What's the difference between a bunch of lederhosen-wearing German guys and a Tohono O'odham band? Well, OK, there are a lot of differences. But the two groups do have one thing in common: polka!
Waila, the popular social dance music of the Tohono O'odham tribe, sounds just like polka, with accordions and everything. Similar to norteño music--but without the lyrics--it evolved out of songs brought to Northern Mexico by Germans and other European settlers back in the 1800s. Today, it's commonly played at feasts, weddings and graduations and is part of the everyday lives of Tohono O'odham people young and old.
This Saturday's 18th Annual Waila Festival offers a chance for us all--O'odham or not--to take part in an evening of great music, lively dancing and traditional Native American foods. There will be a fiddle band playing waila of an older style, as well as three contemporary groups complete with saxophones, electric guitars and drum kits. Types of dancing will range from polka to waltzing to two-step, and everyone is encouraged to join in. And even if you're a white guy in lederhosen, you won't feel out of place--of the people who've attended in the past, about half have been non-O'odham.
Festival director Angelo Joaquin Jr. sees the event as a way to keep the tribe's culture alive throughout the region, as well as to share an understanding of its uniqueness and authenticity with the general public. "The festival helps change the stereotypical image many people have of American Indians," he says. That is "that they all listen to flute music, dance to drums and wear feathers."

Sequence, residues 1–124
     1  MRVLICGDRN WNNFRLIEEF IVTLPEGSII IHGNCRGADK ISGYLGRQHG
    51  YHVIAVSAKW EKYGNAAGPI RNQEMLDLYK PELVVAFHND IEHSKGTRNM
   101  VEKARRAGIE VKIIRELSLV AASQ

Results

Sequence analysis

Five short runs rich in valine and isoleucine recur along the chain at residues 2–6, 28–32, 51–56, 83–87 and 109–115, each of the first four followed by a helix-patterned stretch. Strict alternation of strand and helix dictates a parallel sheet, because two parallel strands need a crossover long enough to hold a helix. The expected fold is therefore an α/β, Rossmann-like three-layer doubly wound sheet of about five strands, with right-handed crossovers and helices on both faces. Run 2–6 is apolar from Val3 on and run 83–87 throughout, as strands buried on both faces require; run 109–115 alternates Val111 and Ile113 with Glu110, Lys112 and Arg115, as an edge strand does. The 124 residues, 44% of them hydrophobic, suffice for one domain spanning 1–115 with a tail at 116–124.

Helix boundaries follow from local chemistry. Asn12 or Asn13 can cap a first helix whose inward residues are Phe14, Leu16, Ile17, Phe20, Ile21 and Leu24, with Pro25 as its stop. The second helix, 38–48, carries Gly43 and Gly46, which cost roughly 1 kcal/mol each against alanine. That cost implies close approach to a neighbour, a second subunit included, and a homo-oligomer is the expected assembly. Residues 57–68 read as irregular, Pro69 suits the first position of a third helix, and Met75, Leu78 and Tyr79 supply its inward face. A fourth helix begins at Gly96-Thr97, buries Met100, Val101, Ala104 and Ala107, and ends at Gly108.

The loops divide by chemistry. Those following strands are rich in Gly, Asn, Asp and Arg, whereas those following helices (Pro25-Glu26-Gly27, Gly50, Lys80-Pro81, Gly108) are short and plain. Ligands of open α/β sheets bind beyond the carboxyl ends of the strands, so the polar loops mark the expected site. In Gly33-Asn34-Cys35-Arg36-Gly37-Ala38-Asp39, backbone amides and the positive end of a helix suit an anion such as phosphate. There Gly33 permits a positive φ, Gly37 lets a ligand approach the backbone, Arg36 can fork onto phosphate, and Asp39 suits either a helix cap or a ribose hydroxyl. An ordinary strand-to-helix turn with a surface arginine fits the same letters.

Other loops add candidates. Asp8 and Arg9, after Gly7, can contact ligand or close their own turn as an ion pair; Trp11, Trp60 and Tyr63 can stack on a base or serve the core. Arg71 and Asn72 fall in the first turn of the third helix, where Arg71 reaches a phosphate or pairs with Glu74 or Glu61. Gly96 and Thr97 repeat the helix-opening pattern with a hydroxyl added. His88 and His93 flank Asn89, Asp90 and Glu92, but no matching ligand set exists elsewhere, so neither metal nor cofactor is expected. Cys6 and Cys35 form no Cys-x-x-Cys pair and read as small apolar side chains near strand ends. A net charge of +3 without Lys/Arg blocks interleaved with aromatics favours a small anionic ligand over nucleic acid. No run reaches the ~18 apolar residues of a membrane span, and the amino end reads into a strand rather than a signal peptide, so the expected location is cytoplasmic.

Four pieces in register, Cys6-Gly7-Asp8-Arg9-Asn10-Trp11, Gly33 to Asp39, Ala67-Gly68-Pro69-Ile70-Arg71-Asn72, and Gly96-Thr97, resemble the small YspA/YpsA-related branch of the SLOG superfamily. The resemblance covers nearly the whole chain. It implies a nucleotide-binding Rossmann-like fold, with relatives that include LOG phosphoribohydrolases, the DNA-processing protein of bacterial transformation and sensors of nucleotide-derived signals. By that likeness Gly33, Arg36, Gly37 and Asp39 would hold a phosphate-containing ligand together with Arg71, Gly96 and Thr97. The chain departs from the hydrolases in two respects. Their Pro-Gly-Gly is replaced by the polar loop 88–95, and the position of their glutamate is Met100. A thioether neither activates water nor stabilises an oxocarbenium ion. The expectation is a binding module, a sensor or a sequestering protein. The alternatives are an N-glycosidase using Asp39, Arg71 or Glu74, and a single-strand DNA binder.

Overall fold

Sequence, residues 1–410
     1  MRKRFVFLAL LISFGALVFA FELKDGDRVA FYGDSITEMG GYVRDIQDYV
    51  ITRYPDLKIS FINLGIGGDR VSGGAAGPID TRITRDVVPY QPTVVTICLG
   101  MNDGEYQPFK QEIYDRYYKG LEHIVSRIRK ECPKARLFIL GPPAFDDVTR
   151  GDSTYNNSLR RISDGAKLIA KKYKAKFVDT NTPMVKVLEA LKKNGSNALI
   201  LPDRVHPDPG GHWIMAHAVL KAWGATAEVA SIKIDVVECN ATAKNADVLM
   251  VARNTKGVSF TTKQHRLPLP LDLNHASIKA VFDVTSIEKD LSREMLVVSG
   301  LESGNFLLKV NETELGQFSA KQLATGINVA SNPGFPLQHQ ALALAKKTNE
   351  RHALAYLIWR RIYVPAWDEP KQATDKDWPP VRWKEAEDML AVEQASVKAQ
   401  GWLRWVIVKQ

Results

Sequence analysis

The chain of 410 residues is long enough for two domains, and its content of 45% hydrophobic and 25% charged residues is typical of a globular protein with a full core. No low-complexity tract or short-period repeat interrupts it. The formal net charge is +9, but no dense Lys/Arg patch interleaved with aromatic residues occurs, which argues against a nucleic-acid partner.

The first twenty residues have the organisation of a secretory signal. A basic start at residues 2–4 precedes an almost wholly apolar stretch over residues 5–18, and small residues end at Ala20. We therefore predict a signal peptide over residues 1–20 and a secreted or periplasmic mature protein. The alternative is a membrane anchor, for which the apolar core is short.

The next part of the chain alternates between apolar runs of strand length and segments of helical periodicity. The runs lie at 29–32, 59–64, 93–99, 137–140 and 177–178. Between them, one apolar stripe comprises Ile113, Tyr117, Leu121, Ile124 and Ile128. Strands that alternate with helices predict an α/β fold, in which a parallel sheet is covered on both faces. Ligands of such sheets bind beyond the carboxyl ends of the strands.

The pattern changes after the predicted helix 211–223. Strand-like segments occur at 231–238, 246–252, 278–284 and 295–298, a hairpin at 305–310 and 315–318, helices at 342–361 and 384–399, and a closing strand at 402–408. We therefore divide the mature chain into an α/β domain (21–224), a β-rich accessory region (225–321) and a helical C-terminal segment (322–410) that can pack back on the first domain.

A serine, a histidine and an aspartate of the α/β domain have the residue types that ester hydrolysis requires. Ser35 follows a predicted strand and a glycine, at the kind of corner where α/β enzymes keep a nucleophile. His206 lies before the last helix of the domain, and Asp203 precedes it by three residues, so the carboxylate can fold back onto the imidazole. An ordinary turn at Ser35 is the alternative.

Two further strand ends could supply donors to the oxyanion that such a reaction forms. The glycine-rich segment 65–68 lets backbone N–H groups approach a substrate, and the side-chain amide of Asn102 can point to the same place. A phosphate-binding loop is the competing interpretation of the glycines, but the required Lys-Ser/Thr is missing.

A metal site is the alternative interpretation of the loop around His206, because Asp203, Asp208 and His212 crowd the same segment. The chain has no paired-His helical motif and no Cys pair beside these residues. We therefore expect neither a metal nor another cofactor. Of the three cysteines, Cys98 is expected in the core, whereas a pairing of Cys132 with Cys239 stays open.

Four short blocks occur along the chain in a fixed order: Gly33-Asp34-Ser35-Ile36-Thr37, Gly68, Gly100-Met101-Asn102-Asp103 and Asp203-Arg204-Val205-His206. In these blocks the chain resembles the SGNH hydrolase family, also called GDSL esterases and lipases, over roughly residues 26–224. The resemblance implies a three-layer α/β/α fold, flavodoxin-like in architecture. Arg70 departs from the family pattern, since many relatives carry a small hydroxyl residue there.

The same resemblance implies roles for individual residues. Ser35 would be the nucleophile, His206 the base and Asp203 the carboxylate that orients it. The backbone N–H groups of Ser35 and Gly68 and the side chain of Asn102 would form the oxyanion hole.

The festival is free, as is parking, which can be found in the UA garage adjacent to the Bear Down Field. For more information, call the Arizona Historical Society at 628-5774. --A.M.
I'm not exactly a fashion-show type of person. In fact, I've always loathed that kind of thing. Scantily-clad, emaciated models in clothes that can cost more than a really nice car? No thanks.
But this event is different. Far from perpetuating the superficiality of the fashion world, the Aurora Foundation's disABLED Divaz Fashion Show will feature empowered young women with strong self-esteem--who also happen to be disabled. With problems ranging from vision and hearing impairments to autism to spinal injuries, these 21 college-age models will show the public that having a disability doesn't make them any less hip or beautiful.